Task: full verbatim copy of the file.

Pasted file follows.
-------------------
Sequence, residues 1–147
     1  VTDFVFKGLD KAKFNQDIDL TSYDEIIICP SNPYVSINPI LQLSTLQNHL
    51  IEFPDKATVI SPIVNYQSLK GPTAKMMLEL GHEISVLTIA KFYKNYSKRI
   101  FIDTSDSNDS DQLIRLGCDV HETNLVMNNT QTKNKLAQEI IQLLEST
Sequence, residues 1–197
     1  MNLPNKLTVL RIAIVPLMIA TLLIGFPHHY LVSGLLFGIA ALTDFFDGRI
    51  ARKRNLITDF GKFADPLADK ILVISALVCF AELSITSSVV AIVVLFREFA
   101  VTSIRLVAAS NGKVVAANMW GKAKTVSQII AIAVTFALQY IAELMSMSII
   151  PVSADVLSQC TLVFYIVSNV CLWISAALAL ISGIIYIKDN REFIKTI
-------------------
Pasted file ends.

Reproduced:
Sequence, residues 1–147
     1  VTDFVFKGLD KAKFNQDIDL TSYDEIIICP SNPYVSINPI LQLSTLQNHL
    51  IEFPDKATVI SPIVNYQSLK GPTAKMMLEL GHEISVLTIA KFYKNYSKRI
   101  FIDTSDSNDS DQLIRLGCDV HETNLVMNNT QTKNKLAQEI IQLLEST
Sequence, residues 1–197
     1  MNLPNKLTVL RIAIVPLMIA TLLIGFPHHY LVSGLLFGIA ALTDFFDGRI
    51  ARKRNLITDF GKFADPLADK ILVISALVCF AELSITSSVV AIVVLFREFA
   101  VTSIRLVAAS NGKVVAANMW GKAKTVSQII AIAVTFALQY IAELMSMSII
   151  PVSADVLSQC TLVFYIVSNV CLWISAALAL ISGIIYIKDN REFIKTI